Stocks struggled once again last week as bond yields rose further – which unfortunately meant there were very few hiding places for investors once again. A theme that has been repeated consistently in 2022. In trading yesterday evening, the US ten-year bond yield briefly broker the 3% level – its highest level since December 2018 and double the level from the start of the year.
As we all know investment markets tend to be forward looking, and the near certain 0.50% interest rate hike from the Federal Reserve this Wednesday has been behind much of the yield rises in the US. The Bank of England look also set to raise rates by 0.25% on Thursday, which would put them at the highest level since 2008. The ECB has also turned more hawkish in their commentary on the back of recent inflation data (more info below).
At Zurich, we maintain our view that the recent geopolitical unrest has resulted in an acceleration of exiting structural trends and that there is a secular shift occurring in monetary policy; triggered by the recent inflation spike. We look on expanding on such thoughts, along with a number of other topics, at our upcoming Investment Conference ‘Active Management Matters’ on Tuesday 24th May. This marks our return to in person events and further information will be circulated this week.
Weekly Investment News
US markets fell to their lowest level of the year on Friday, as an earnings disappointment from Amazon pushed equities to their fourth consecutive week of losses. Tech orientated stocks across a number of sectors fell with the NASDAQ down 3.9% for the week in dollar terms, whilst energy outperformed to the upside on news of further restrictions on the sale of Russian gas.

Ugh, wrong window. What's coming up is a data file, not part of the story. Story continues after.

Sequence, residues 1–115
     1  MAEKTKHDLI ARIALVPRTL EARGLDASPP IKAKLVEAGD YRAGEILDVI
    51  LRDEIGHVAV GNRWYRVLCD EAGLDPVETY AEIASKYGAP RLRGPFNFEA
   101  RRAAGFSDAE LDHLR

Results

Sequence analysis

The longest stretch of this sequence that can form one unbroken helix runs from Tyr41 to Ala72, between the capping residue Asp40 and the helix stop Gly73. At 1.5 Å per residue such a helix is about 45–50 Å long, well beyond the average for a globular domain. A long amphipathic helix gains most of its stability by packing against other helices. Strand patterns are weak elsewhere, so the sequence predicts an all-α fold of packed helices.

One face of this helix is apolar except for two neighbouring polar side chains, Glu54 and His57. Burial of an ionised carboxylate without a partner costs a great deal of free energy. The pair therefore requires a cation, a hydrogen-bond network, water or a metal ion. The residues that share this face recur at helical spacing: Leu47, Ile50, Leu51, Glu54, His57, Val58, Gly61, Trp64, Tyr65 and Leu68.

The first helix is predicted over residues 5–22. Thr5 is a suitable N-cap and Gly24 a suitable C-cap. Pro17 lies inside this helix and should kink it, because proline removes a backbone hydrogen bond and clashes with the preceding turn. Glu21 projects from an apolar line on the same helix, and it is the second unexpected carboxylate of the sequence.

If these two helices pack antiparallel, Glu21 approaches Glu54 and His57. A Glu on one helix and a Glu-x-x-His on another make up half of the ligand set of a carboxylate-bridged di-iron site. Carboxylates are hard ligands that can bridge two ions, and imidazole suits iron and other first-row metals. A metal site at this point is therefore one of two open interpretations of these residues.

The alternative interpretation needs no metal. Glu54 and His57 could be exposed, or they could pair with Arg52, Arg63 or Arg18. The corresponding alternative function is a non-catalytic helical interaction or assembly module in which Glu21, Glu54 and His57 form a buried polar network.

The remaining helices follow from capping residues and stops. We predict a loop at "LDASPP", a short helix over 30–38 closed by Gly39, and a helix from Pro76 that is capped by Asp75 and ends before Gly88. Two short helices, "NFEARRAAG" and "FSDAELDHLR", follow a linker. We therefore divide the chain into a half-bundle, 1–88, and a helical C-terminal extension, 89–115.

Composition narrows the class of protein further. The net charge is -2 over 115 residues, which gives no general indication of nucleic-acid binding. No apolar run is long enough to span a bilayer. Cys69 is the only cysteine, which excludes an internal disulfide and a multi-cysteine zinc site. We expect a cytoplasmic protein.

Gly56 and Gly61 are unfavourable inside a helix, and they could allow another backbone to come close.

It was a busy week on the economic data front on both sides of the Atlantic. In the US, Q1 GDP came in at -1.4% QoQ, however the headline figure masked strength in some of the underlying components. Houses prices in the US are now up over 20% in the last 12 months and core PCE inflation (the Fed’s preferred measure) ticked lower to a 5.2% annualised rate for March. House prices were higher as a result of enduring supply chain issues, with housing completion timelines continuing to stretch out. It remains to be seen whether the recent moves higher in bond yields, which feeds into mortgage rates, starts to bite on demand.
In the eurozone, inflation hit another record high at 7.5% YoY in April on the headline measure, up from 7.4% in March, while core inflation also picked up to 3.5% from 2.9%. Although the eurozone economy grew in Q1, the increase in GDP was only 0.2% QoQ. The spike in inflation makes the ECB’s job harder and there was further hawkish rhetoric from policymakers last week including ECB President Christine Lagarde, who said that the ECB would end QE asset purchases early in Q3, ‘probably in July’ and then consider raising interest rates. Finally, the general hawkish tone from major central banks has not yet filtered into the Bank of Japan’s thinking, who last week reinforced its commitment to keep Japanese bond yields at low level and would continue to buy unlimited quantities of bonds as required.